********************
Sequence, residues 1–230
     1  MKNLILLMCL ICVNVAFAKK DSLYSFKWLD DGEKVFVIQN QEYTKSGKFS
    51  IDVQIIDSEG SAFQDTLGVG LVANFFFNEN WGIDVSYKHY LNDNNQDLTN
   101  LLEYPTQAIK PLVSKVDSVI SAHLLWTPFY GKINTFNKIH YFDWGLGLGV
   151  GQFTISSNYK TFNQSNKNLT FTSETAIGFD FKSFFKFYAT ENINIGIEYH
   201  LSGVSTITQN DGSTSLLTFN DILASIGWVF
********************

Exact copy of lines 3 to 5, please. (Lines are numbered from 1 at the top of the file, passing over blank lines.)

    51  IDVQIIDSEG SAFQDTLGVG LVANFFFNEN WGIDVSYKHY LNDNNQDLTN
   101  LLEYPTQAIK PLVSKVDSVI SAHLLWTPFY GKINTFNKIH YFDWGLGLGV
   151  GQFTISSNYK TFNQSNKNLT FTSETAIGFD FKSFFKFYAT ENINIGIEYH